Eric Piscini is co-author of this blog.
Part 2 in the “Deloitte Blockchain Adoption” series
As blockchain use cases grow in scope, scale, and complexity, the need for standardized technologies, platforms, and skillsets becomes more pressing each day. Consider standardization’s potential benefits—none of which companies developing blockchain capabilities currently enjoy:
- Enterprises would be able to share blockchain solutions more easily and collaborate on their ongoing development.
- Standardized technologies can evolve over time. The inefficiency of rip-and-replace with every iteration could become a thing of the past.
- Enterprises would be able to use accepted standards to validate their PoCs. Likewise, they could extend those standards across the organization as production blockchains scale.
- IT talent could develop deep knowledge in one or two prominent blockchain protocols rather
Unfortunately, there are currently no overarching technical standards for blockchain, and it is unrealistic to think we will get them soon, if ever, across all use cases. For CIOs, this presents a pressing question: Do you want to wait for standards to be defined by your competitors, or should you and your team work to define the standards yourselves?
For financial services giant JP Morgan Chase, sitting on the sidelines while others in the financial sector developed blockchain standards was not an option. In 2017, the firm launched Quorum, an open-source, enterprise-ready distributed ledger and smart contracts platform created specifically to meet the needs of the financial services industry. Quorum’s unique design remains a work in progress: JP Morgan Chase invited technologists from around the world to collaborate to “advance the state of the art for distributed ledger technology.”
Not all IT shops are in a position to emulate this strategy for influencing the development of blockchain standards. But there are steps that CIOs can take to promote standardization within their companies and industries rather than waiting passively for universal standards to emerge. For example, by plugging into external developer ecosystems, IT shops can begin influencing standardization discussions and exchanging best practices with like-minded organizations. Internally, CIOs can empower their teams to make decisions that drive standards within company ecosystems. Finally, in many organizations, data management and process standards already exist. Don’t look to reinvent the wheel. Apply these same standards to your blockchain solution.
Integrating multiple blockchains in a value chain
In the future, blockchain solutions from different companies or even industries will be able to communicate and share digital assets with each other seamlessly. For organizations whose use cases turn on blockchain ecosystem diversity and scalability, the potential benefits of integration are clear: Having more partnerships within a blockchain ecosystem can drive greater value and boost blockchain ROI. Likewise, interoperability can make it possible to customize and enhance blockchain solutions without rendering them obsolete.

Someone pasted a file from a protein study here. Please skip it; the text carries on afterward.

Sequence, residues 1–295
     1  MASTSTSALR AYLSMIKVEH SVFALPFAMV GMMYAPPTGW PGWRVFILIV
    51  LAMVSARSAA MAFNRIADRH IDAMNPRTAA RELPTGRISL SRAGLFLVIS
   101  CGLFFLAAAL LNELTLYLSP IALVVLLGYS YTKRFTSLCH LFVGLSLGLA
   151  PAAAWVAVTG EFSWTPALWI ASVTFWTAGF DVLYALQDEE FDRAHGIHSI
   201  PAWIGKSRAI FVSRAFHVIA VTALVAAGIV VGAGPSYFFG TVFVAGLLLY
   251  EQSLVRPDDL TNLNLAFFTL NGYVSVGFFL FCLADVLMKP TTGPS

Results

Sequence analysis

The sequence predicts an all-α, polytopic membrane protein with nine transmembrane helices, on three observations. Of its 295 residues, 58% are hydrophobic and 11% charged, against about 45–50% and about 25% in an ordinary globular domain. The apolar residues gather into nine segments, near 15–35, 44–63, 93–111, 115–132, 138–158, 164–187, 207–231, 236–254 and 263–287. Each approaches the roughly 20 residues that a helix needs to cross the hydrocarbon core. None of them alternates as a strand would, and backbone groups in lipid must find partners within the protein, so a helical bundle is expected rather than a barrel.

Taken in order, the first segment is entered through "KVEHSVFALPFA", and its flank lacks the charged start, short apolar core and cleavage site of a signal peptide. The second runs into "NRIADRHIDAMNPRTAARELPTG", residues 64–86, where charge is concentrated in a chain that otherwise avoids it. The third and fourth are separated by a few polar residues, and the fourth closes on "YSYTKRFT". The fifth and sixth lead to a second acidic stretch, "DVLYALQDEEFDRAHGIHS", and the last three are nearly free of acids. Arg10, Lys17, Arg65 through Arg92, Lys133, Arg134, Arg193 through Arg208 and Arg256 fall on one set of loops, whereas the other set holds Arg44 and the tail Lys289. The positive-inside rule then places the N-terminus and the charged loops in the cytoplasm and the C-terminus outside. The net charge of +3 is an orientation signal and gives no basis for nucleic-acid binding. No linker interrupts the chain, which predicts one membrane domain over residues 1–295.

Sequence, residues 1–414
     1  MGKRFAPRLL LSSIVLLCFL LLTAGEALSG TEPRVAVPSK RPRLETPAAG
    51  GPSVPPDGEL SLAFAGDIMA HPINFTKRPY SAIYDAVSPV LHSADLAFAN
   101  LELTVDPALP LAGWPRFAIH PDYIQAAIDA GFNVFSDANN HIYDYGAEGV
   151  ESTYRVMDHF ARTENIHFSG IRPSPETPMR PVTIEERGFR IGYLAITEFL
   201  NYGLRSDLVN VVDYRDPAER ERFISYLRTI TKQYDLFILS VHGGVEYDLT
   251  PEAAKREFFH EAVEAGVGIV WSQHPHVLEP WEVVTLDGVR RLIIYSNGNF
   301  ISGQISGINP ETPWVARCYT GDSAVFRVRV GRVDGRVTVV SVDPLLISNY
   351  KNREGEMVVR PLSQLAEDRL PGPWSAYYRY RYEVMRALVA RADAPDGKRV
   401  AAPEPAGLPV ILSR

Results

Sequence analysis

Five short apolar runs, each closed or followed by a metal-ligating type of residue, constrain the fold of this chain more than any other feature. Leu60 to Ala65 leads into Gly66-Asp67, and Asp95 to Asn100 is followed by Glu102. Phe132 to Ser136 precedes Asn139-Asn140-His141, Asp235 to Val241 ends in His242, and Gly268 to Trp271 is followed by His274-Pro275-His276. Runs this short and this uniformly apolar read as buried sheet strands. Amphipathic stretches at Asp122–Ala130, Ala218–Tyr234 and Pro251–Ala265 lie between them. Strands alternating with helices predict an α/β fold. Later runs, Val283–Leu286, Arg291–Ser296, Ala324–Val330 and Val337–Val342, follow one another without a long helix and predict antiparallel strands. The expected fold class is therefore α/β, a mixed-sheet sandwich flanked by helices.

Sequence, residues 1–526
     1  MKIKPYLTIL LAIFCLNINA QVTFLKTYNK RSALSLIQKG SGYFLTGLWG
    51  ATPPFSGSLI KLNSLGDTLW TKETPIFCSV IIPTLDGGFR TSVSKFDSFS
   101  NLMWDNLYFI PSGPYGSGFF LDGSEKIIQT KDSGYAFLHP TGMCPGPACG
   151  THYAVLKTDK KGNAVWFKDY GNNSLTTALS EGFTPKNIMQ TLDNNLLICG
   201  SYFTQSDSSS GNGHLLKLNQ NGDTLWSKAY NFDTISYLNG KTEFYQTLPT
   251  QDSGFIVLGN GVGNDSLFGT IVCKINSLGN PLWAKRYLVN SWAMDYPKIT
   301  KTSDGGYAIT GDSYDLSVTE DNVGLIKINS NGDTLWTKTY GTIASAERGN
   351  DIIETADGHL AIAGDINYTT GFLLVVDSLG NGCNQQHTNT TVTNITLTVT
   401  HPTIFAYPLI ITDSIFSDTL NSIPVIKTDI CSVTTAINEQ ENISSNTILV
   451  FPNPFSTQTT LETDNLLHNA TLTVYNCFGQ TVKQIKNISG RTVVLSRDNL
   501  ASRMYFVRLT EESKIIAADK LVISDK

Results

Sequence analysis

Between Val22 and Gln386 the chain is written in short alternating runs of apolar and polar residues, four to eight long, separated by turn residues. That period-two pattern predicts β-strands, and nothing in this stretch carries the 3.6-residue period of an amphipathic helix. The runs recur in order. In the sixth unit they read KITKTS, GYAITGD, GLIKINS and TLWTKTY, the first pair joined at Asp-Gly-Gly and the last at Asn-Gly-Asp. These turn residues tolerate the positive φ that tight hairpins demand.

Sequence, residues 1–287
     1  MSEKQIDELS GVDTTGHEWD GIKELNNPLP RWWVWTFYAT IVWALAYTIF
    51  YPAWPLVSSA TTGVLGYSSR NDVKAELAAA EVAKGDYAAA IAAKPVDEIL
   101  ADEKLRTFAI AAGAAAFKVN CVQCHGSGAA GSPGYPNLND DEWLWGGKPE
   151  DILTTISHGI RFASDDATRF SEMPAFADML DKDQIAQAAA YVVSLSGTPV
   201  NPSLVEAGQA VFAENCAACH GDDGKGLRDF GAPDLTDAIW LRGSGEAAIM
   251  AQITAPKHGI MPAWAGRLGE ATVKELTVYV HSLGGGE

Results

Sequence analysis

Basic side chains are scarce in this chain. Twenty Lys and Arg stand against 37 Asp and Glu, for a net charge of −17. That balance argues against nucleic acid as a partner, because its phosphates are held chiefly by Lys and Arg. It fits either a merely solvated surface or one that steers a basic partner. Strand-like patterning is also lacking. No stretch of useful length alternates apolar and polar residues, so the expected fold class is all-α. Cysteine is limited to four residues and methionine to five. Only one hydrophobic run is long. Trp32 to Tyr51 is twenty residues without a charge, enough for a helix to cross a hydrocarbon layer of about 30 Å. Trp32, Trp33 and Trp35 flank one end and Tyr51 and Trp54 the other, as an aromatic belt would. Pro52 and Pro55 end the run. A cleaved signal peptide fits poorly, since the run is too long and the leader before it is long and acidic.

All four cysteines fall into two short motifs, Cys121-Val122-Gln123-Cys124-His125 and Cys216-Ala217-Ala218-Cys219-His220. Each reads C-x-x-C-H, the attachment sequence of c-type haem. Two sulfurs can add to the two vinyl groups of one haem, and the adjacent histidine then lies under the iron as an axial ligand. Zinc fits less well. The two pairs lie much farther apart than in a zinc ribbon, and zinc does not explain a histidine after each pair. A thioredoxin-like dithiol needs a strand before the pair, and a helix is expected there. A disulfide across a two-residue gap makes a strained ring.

Unfortunately, many of the technical challenges preventing blockchain integration persist. Different protocols—for example, Hyperledger Fabric and Ethereum—cannot integrate easily. Think of them as completely different enterprise systems. To share information between these two systems, you would need to create an integration layer (laborious and painful) or standardize on a single protocol.
Even if the technical challenges were solved, connecting two blockchains is much harder than connecting two networks. Why? Because with blockchain integration, you are connecting two value networks that may not necessarily talk to each other. This means that when transferring digital assets from one blockchain to another, you must be able to transfer the first blockchain’s value set of all its past transactions as well. You must also be able to guarantee that the data packets point to the same places in both blockchains, which helps maintain data integrity and auditability.
Right now, the Hyperledger Foundation and others are working to establish technical standards that define what constitutes a blockchain, and to develop the protocols required to exchange assets. These efforts will continue, and as they do, convergence of protocols will likely accelerate and standards emerge. Likewise, interoperable technologies will eventually mature, with new protocols that support communication between different technologies becoming broadly available.
Until then, organizations can enjoy some integration benefits by working within a consortium model in which all participants deploy the same solutions and protocols. (When integration challenges are solved, those already sharing common processes and standards within a consortium may enjoy the competitive advantage of momentum.) There are also bridge technologies available that make it possible to move digital assets between blockchains. Think of the process like this: You move digital assets from Point A to Point B in a car. At Point B, you transfer the assets from the car to a train, which takes it to its final destination at Point C. It’s inelegant, but it can deliver the desired business outcome.
Part 3 in this series will explore the risk implications of adopting blockchain.
Contact Darshini Dalal at email@example.com.
This article originally appeared on Deloitte Insights and is republished by permission.